Take the 2-minute tour ×
Stack Overflow is a question and answer site for professional and enthusiast programmers. It's 100% free, no registration required.

I'm trying to do things the DDD (domain driven design) way. And boy do I struggle. In all books I read, Authentication is of no concern and not mentioned!

I've written my own Authentication and Membership Service which are responsible for registering and logging in users, creating salted passwords etc. I do not use .NET's Membership Provider but do rely on Forms Authentication.

I've implemented a User model that holds the Username, E-Mail, PasswordHash, ApprovalStatus etc.

Now I guess the rest of the domain model shouldn't concern itself with the Users. I have a class Person that is used to model Persons and their associated data. As such it can be used to model personal data from users and from non-users. An object of type Company works with Persons, not Users. And an Activity is assigned to a Person, not a User.

The question, how do I relate the Person model to the User model? I don't really want a reference to each other in either of the two models. Should I create some Relationship model called PersonUser and create an additional service that retrieves the person object for the currently authenticated user?

share|improve this question
add comment

1 Answer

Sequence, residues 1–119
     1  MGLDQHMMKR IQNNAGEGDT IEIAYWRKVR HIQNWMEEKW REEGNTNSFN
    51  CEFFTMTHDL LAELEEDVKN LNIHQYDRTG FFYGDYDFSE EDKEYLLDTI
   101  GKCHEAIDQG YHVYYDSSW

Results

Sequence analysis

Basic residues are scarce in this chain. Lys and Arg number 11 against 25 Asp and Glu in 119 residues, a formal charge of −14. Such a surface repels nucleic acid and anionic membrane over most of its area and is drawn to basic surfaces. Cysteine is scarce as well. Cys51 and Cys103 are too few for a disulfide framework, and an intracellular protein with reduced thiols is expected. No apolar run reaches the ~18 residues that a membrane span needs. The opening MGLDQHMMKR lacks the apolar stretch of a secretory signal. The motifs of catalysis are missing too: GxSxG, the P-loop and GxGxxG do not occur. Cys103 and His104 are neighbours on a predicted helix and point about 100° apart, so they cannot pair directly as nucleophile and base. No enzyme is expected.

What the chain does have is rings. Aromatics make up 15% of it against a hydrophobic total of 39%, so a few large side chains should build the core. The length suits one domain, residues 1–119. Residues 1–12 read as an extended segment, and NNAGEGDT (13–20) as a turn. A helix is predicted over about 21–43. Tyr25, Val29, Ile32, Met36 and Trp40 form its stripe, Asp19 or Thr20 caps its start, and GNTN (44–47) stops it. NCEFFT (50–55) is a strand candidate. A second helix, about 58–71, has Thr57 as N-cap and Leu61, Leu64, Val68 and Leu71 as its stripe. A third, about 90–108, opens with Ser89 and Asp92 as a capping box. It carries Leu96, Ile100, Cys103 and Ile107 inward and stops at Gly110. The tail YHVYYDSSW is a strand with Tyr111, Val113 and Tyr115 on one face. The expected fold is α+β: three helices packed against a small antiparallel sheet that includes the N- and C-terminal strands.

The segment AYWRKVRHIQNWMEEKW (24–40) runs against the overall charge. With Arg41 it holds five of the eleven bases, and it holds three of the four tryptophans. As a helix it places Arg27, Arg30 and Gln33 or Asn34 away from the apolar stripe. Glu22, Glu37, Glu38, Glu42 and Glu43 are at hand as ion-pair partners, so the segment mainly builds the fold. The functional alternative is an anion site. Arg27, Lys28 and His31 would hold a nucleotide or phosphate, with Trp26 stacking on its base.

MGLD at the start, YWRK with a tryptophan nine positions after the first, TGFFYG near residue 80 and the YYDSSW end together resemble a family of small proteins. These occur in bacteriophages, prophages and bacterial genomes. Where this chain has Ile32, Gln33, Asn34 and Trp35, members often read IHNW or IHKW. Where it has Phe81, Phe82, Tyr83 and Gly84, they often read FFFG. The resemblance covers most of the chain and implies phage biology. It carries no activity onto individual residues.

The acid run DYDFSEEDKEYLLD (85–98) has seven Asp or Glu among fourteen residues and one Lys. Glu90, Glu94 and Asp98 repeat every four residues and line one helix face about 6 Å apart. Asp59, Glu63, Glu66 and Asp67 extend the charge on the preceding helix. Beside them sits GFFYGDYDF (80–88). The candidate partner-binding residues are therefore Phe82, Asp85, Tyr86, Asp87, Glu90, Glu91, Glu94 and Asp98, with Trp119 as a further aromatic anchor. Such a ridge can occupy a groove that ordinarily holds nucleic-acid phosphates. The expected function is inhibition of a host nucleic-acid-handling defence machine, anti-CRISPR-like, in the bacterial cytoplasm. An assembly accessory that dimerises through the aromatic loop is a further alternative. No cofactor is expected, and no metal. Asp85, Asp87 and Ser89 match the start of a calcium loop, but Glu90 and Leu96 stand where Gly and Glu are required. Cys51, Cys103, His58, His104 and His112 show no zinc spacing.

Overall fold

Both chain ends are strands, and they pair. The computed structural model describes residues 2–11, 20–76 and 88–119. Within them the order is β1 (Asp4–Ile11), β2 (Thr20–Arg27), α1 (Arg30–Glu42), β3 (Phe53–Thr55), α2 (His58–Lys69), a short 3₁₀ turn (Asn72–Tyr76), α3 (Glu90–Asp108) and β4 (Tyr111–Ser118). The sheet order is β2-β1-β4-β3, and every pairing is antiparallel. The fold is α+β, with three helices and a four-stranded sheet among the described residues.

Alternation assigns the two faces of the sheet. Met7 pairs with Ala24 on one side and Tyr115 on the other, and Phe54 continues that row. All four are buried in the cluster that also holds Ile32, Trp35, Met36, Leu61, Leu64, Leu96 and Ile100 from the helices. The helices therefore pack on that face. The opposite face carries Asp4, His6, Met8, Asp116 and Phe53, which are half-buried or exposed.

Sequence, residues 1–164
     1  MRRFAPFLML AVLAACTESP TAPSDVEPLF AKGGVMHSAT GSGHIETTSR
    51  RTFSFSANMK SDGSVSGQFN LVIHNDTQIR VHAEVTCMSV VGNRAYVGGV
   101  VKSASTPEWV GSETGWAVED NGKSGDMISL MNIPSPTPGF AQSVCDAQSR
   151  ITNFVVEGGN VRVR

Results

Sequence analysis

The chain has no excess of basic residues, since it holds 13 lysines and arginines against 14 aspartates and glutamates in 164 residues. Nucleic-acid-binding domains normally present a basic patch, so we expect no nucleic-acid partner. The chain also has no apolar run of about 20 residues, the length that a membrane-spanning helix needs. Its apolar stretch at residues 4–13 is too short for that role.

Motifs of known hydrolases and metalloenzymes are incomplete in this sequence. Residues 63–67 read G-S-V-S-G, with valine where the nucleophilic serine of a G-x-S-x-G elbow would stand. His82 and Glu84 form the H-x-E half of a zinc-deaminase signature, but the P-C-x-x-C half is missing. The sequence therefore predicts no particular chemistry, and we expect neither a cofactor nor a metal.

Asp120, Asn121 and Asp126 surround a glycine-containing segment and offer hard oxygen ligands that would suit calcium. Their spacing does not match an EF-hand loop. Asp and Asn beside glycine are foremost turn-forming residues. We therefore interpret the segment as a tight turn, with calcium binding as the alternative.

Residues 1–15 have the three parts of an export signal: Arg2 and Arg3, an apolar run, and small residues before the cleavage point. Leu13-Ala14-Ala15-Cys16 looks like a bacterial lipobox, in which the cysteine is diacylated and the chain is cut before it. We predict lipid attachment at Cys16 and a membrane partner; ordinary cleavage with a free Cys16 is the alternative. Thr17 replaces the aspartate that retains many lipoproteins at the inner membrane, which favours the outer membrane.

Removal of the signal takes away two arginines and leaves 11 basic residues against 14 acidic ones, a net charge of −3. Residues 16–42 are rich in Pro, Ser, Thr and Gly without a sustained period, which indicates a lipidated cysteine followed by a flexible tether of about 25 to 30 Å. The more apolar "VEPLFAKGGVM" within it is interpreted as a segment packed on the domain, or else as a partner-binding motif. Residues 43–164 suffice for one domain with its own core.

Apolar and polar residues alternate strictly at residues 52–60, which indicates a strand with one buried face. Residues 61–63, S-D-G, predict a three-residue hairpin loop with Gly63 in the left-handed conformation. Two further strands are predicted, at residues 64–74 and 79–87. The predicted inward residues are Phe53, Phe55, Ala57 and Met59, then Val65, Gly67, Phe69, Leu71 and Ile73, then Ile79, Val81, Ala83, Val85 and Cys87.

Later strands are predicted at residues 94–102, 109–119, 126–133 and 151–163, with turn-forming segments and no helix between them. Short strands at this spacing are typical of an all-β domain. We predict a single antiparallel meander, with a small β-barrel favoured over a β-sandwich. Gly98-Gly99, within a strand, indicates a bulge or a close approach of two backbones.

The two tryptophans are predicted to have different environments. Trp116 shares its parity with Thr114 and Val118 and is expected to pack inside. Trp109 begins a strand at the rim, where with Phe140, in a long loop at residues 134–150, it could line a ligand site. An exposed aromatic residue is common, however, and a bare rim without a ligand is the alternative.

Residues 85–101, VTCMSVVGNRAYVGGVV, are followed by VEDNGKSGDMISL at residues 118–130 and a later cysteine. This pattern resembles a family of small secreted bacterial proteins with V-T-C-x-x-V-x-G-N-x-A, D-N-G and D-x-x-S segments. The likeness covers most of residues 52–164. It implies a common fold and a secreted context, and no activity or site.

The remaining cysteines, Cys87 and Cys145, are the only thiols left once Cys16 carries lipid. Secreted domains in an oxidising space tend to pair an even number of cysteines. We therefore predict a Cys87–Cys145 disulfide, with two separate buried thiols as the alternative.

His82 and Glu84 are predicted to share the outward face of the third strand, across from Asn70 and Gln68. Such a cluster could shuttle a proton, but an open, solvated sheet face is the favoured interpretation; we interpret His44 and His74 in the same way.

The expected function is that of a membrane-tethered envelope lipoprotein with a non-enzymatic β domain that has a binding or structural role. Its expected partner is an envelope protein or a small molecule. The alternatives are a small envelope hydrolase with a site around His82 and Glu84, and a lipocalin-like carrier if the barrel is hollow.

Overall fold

up vote 2 down vote accepted

Judging from what you've presented, you've got a couple of known facts:

  1. Every User is a Person
  2. Not every Person is a User

That being the case, I would expand the person model to include a nullable UserId field so that you can relate the User to the Person for those Persons that are also users.

Now I'm also going to assume that you have several "Fetch" methods in the person model.. to retrieve a person by ID, Name, Department, etc...

I would overload (or create a different) fetch method to also retrieve the person object from a User as well (this can be either an id, or the foll user object).

public IPerson Fetch(IUser user) {}

Of course, since you have the known fact that every user is also a person, I personally see no harm nor foul in expanding the user object to include a person property...

public interface IUser 
{
   ...
   IPerson Person { get; set; }
}

Then, you can return the user object as always.. and perhaps do some funky lazy loading of the person field in the user... or populate both when you fetch the user object.

I'm not sure if creating a "mapping" table of User <-> Person is going to garner you much of anything beyond what I've outlined above (although you will get kudo's from the hardcore DBA's for denormalizing your data).. to me it's just an extra table to join to to get the same effect.

share|improve this answer
    
I won't do it that way, but thanks for your input. I've decoupled my User from my Person model, both inside the domain model, and in my database. Accepted question since you helped me clear things up. –  kitsune May 8 '09 at 9:27
1  
Thanks for the accept.. I would be REALLY interested in hearing how you approached this and what your final solution was. I'm a firm believer in keeping an open mind and learning as many different approaches to the same problem helps everyone to become a better engineer / architect. –  datacop May 8 '09 at 14:02
add comment

Your Answer

 
discard

By posting your answer, you agree to the privacy policy and terms of service.

Not the answer you're looking for? Browse other questions tagged or ask your own question.